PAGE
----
Accelerating the shift in academic life described by the Neusners was the demographic trend of the 1980’s. With the pool of students available for colleges declining significantly, selectivity could not be sustained. During this period, I liked to say that if a student passed the feather test—that is to say, if he blew upon a feather and it moved—a college could be found to accommodate his talent, or lack thereof. With students on all manner of university committees, “decisions found definition in mere personal opinion, then prejudice, and finally bigotry.” The Neusners contend that when academic achievement was no longer valued, the golden age (if there ever was one) had come to an end. “It is the end of the wish to excel, resulting in the leveling of the academy,” Jacob Neusner reflects.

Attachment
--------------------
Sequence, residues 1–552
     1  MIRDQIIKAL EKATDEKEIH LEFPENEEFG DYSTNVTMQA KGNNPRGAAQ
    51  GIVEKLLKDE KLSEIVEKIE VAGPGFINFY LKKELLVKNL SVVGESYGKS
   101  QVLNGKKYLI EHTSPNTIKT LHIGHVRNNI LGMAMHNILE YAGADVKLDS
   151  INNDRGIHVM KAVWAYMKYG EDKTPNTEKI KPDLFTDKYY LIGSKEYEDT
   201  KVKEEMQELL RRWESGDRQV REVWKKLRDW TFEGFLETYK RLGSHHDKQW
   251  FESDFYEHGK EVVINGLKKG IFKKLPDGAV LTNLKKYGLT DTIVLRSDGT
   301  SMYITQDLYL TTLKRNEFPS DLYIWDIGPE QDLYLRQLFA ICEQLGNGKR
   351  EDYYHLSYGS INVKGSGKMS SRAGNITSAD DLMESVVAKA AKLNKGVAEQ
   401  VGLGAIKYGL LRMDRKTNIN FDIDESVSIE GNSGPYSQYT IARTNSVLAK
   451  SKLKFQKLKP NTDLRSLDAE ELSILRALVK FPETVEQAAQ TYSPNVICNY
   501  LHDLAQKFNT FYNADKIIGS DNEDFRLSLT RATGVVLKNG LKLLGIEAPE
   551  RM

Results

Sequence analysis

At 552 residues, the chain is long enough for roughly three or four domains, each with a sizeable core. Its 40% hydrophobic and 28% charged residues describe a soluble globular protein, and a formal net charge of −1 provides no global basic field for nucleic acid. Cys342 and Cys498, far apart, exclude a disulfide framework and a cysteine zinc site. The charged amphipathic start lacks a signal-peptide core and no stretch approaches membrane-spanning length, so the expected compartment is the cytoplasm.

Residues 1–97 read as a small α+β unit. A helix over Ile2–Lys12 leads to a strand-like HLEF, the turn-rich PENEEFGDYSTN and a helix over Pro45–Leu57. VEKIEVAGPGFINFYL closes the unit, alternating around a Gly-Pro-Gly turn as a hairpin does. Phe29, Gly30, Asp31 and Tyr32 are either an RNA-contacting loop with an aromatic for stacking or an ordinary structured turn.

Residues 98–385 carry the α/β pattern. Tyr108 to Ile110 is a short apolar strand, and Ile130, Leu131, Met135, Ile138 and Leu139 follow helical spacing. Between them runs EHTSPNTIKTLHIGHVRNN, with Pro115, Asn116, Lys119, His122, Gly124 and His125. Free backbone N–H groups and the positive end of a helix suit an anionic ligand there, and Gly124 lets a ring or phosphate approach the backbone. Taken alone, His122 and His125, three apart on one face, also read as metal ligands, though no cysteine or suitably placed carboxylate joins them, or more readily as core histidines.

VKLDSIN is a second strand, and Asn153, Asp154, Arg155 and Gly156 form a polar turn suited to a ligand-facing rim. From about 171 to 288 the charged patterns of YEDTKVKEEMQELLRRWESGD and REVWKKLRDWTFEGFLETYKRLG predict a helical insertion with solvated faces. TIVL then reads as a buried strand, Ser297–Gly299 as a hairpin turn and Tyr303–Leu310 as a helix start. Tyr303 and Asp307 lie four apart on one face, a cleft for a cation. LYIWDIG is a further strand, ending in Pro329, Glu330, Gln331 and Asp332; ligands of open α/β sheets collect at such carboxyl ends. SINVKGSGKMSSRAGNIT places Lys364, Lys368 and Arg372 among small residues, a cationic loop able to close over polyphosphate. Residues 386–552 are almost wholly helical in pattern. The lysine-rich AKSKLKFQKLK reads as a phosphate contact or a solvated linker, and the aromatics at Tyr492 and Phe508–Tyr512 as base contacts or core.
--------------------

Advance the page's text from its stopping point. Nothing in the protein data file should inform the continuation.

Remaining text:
In their conclusion, the Neusners ask, “Why concentrate on the university’s unique union of research and teaching?” If the case can no longer be made for the academy in its present form, market conditions will demand change. Signs of that are already on the horizon, what with courses on the Internet and widespread public discontent with colleges and universities.